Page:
[Distutils] [py-dev] Re: setuptools presentation

Phillip J. Eby pje at telecommunity.com
Fri Aug 12 22:50:38 CEST 2005

At 03:30 PM 8/12/2005 -0500, Ian Bicking wrote:
>However, I believe each command to setup.py is simply an "entry_point".  I 
>can't find documentation for that at the moment.  But it's something like 
>this in the setup.py file:
>   entry_points={
>     'distutils.commands': [
>       'test=test_module:test_command',
>     ],
>   }

Yes, that's exactly it.

>And then that test_command object (a class) has a specific interface 
>(based on the distutils.Command class).  So potentially a py.test-using 
>project could do:
>   entry_points={
>     'distutils.commands': [
>       'test=mypkg.commands:test']}
>   # in mypkg.commands:
>   from py.test.disutils import test
>I think that would override "setup.py test" for just that package.

Actually, it wouldn't, because the first 'test' command defined on sys.path 
will get used.  This doesn't mean that we can't have define test entry 
points, though, that the setuptools 'test' command would then use to run 
other testing frameworks.  For example, the builtin 'test' command could 
look up a 'test' command in the just-built package and run that.  The 
problem is that the master test command will have to define what options it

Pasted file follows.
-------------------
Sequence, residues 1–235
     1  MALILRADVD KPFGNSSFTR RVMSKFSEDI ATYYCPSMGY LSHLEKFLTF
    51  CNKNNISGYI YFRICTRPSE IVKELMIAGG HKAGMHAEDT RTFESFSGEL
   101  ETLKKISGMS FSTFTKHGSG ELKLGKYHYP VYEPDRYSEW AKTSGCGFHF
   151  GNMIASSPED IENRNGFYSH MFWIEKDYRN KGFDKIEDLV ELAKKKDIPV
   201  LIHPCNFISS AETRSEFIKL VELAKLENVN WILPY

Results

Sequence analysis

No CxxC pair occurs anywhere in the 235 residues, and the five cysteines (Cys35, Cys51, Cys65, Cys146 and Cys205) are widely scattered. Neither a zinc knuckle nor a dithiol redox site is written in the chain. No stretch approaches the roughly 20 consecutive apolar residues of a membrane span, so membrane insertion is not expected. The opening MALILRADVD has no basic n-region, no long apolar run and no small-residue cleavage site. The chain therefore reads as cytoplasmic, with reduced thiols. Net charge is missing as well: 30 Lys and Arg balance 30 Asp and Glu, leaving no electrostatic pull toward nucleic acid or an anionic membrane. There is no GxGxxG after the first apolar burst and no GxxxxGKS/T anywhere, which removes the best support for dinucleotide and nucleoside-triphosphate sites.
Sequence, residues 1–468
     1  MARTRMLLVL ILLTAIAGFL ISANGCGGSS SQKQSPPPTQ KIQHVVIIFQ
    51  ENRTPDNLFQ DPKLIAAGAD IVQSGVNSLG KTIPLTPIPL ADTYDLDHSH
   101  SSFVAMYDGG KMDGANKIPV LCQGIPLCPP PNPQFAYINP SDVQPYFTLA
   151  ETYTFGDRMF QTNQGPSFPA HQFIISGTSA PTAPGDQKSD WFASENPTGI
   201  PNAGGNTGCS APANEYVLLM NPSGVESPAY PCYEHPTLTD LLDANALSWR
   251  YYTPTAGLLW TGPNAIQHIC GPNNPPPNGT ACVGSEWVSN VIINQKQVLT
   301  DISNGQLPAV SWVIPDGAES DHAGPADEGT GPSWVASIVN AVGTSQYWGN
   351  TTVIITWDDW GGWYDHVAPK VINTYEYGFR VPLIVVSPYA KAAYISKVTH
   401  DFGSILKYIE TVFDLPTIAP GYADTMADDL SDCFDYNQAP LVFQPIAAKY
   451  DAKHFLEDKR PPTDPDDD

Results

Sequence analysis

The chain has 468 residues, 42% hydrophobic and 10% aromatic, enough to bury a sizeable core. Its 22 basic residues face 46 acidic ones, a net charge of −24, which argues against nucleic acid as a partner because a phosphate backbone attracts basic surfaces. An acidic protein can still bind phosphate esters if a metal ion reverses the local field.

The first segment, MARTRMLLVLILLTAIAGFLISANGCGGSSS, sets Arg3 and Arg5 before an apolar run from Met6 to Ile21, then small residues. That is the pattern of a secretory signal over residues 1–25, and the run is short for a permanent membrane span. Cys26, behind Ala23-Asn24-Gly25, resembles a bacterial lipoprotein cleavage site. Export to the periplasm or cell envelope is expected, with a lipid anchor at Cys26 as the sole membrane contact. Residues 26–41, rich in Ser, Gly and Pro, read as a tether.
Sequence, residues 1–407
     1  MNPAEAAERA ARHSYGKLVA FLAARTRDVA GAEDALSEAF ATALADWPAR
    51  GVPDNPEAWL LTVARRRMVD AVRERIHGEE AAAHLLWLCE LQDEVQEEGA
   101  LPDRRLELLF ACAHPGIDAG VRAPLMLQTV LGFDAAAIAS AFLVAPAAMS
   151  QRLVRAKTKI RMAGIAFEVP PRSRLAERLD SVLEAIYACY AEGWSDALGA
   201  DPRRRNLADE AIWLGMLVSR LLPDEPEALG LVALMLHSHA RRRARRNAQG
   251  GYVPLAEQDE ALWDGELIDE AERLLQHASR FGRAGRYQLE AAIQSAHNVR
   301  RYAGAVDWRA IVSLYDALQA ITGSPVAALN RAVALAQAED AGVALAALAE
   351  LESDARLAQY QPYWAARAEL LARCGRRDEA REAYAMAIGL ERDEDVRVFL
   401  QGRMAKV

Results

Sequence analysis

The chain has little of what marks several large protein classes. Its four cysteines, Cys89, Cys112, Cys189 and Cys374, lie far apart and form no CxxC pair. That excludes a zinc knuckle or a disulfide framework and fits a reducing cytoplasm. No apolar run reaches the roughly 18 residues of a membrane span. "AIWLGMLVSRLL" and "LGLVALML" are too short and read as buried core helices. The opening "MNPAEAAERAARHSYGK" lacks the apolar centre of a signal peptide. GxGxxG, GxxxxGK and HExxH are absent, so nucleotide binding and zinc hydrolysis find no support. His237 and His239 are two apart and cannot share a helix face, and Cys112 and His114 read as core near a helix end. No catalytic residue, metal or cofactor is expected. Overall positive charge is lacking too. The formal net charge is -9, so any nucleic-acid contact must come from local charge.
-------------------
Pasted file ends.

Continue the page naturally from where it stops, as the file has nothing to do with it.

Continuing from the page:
takes, because distutils doesn't delegate option parsing to the commands.  :(

But setuptools does offer another solution.  In py.test's you could create 
a 'py.test' setup command, and projects that want to use it can do:


They can also define a project alias in setup.cfg:

     test = py.test

This will make "setup.py test" run the "py.test" command instead.

But to me, the simple and obvious thing to do is to make test suites.  If 
py.test exports a zero-argument function that finds tests in the current 
directory and returns a suite, then a py.test-using package need only set 
'test_suite="py.test.get_suite"' in order to use it, with no need to define 
an alias, nor would py.test need to define another distutils command.  And, 
for basic "does this work?" testing, users get a uniform interface for the 
'test' command.

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